Here’s a question: If a project is likely to have a hugely negative ROI, should we proceed?
The answer seems to be yes, if the project is determining why there is a minor difference between finance and HR data. That negative ROI, which managers are so keen to ignore, is an ongoing barrier to efficient HR analytics.
The classic — almost universal — case of finance and HR coming up with different numbers is headcount. The issue manifests itself when finance reports there are, say, 916 employees in some region and HR says there are 922. While it makes no difference to any decisions that are going to be made, organizations routinely want HR to get an analytics pro to spend however many days it takes to get to the bottom of the difference.
What the analyst will find, and again this is almost universally true, is that both finance and HR’s numbers are correct. They are different because of how headcount is calculated, and that difference exists because of the differing needs of HR and finance. Net result: The company just invested an expensive employee’s time and got zero value back — a negative ROI.
It’s not just that the analyst’s time is wasted, this kind of pointless work is tedious and dispiriting. One people analytics pro shared, “One analytics project I worked on was making sense of a huge Excel spreadsheet on training because HR had different financial information than finance and didn’t know why. Talk about a waste of time.”
Looking for a project that will reduce engagement of top talent? Ask them to reconcile finance and HR data.
Tactics to address the problem
One short-term tactic HR can use to circumvent this problem is to present ranges or approximate numbers and hold fast to the fact that the “exact” number is just a by-product of the specifics of the calculation. In almost all cases working with, “We have just over 900 employees in this country” is sufficient to run the business. If for some reason senior management really does need a specific number then they can run with the one finance provides.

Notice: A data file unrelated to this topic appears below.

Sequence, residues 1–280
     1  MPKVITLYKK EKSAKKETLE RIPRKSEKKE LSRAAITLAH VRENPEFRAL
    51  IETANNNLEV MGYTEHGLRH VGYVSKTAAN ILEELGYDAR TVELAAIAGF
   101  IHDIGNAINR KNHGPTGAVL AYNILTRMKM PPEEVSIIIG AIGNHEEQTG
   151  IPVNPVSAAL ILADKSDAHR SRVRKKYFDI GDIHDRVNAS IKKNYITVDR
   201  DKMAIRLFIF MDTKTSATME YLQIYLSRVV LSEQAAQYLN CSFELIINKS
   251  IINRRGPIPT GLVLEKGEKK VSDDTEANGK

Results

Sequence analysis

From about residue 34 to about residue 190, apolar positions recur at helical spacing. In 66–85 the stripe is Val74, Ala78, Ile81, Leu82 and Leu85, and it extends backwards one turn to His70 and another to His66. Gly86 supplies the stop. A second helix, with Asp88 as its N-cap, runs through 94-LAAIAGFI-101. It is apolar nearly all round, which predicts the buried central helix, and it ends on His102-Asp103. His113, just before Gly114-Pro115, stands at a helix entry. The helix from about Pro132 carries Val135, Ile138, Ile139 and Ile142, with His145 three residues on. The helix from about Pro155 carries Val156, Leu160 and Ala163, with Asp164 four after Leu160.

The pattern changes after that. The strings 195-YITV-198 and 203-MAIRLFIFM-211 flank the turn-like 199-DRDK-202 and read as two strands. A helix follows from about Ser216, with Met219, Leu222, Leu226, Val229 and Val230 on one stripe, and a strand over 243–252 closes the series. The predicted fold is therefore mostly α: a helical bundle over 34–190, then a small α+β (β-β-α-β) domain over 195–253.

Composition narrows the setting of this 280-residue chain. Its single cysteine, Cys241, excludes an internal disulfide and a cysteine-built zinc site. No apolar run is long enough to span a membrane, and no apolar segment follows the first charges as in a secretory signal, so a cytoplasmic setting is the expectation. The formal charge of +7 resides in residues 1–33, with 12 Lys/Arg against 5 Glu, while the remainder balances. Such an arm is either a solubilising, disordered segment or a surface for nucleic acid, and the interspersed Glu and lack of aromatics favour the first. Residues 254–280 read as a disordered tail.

Unfortunately, the more common HR tactic is to have analysts spend hours in advance of any presentation to ensure the numbers line up exactly with what finance is reporting.
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A fantasy tactic is to insist HR is correct and ask finance to get one of their analysts to determine why the numbers don’t coincide.
A longer-term solution
The real heart of the problem is having leaders who are not data savvy. Read that sentence again because that points to where the real solution lies.
Headcount appears, to the non-data savvy person, to be a simple, easily quantifiable number. It is not. That’s deeply counter-intuitive. If understanding data was intuitive then no one would need to be trained in it. A data savvy organization will have managers who immediately recognize that the HR reported headcount will be different from the finance reported headcount because they have different methodologies.
For a different take on how managers who think they are data savvy but are not, read Mintzberg’s classic piece “The Soft Underbelly of Hard Data”.